Measuring offline sales

Within Google Ads, there are two different ways to measure your offline sales. This can be done by:

Which option is best suited depends on whether a store visit is by appointment or without an appointment. The rest of this article goes into more detail about both options.

Store visit

Google Ads can measure store visits if you meet the following criteria:

  • An active address extension
  • Enough clicks and impressions
  • Adequate store visit

If the above is the case, a conversion action called ‘store visit’ will automatically appear in Google Ads. If you have too little data for this, a conversion goal such as a visit to a location page or click out to Google Maps a good alternative.

Then it is important to add a fixed turnover value to this new conversion action. You can calculate this for store visits as follows:

  • Store Visit Value = Average Store Conversion Rate × Average Store Order Value

If completed, Google Ads will allocate this amount for each click that results in a store visit.

Offline conversion import

The moment you as a retailer make store visits in whole or in part by appointment, then offline conversion import an appropriate option. It goes like this:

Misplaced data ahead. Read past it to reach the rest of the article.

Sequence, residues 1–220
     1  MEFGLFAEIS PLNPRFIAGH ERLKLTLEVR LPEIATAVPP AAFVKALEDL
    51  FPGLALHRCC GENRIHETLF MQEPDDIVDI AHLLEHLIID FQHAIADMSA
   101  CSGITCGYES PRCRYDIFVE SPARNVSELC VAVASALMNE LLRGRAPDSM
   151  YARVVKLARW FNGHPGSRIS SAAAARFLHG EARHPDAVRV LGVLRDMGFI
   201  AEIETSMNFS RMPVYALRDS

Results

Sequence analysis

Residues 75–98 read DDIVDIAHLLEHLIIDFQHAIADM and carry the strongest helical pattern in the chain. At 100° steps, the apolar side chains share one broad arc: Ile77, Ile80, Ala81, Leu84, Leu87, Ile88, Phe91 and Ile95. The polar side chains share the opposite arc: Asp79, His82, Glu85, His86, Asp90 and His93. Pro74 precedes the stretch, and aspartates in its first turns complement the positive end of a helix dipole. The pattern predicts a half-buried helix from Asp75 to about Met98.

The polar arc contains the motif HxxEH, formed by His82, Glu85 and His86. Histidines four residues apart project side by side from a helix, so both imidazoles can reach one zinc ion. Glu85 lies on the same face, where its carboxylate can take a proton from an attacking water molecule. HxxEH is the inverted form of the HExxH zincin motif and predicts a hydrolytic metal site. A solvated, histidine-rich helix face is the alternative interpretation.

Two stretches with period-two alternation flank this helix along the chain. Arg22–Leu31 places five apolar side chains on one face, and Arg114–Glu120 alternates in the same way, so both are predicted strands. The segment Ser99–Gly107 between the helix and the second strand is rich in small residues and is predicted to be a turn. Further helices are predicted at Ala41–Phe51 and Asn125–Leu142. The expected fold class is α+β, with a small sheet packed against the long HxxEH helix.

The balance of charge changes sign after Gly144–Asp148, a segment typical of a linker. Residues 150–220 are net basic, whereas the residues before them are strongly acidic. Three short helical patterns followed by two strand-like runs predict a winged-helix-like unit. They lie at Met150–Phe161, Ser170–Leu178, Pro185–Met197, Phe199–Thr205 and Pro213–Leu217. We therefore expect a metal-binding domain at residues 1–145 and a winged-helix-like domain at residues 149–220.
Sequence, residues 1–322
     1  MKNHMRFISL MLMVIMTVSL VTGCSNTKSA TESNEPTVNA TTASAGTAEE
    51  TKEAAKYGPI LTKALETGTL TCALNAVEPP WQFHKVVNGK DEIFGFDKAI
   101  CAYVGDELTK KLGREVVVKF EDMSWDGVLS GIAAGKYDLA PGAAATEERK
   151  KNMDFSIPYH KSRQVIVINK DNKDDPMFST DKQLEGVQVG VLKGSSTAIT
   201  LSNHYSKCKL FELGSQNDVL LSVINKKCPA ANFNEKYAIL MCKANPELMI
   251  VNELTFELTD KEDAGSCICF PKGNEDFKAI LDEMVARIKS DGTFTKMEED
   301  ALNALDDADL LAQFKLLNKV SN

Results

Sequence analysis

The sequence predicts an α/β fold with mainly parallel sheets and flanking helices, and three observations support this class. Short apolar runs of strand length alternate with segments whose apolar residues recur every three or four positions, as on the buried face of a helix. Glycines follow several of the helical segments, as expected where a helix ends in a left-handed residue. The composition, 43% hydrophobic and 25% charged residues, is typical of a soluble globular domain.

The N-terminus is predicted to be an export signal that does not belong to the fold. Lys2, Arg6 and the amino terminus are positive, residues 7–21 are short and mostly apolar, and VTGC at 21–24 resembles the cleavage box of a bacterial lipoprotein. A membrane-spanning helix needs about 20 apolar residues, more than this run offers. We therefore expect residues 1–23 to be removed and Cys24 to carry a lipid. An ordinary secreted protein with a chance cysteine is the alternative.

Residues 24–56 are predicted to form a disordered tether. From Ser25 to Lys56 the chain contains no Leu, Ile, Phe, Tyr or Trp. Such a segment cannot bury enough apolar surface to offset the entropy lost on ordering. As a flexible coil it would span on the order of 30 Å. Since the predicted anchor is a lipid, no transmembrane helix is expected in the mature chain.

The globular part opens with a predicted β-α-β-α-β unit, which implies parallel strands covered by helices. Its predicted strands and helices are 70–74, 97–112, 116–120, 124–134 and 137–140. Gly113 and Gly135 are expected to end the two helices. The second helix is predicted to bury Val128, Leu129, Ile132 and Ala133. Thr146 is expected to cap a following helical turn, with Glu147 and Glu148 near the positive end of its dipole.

• A visitor to the website enters his e-mail address and / or telephone number and makes an appointment.
  • You process this data in your CRM, where the GCLID is collected (you can also do this with your email address and telephone number). improved conversions for leads is used and the GCLID is not required).
  • After the lead visit, you adjust the lead status if there has been a sale and you add the value at the same time.
  • You link this information, preferably automatically, back to Google Ads (this is possible up to 90 days after the first click).